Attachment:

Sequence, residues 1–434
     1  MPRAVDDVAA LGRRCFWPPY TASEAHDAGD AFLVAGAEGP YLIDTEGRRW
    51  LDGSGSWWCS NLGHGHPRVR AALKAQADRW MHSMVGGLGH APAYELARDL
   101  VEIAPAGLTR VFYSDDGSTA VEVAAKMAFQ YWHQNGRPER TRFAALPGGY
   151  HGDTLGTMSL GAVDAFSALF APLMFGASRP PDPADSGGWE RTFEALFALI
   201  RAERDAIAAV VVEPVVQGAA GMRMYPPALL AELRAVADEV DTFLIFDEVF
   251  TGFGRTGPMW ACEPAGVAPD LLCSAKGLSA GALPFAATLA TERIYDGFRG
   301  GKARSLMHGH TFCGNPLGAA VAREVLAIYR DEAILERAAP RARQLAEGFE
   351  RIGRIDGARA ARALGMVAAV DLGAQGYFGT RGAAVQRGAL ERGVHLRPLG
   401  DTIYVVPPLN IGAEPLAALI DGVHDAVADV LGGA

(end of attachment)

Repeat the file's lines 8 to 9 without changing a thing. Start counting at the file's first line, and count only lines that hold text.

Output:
   301  GKARSLMHGH TFCGNPLGAA VAREVLAIYR DEAILERAAP RARQLAEGFE
   351  RIGRIDGARA ARALGMVAAV DLGAQGYFGT RGAAVQRGAL ERGVHLRPLG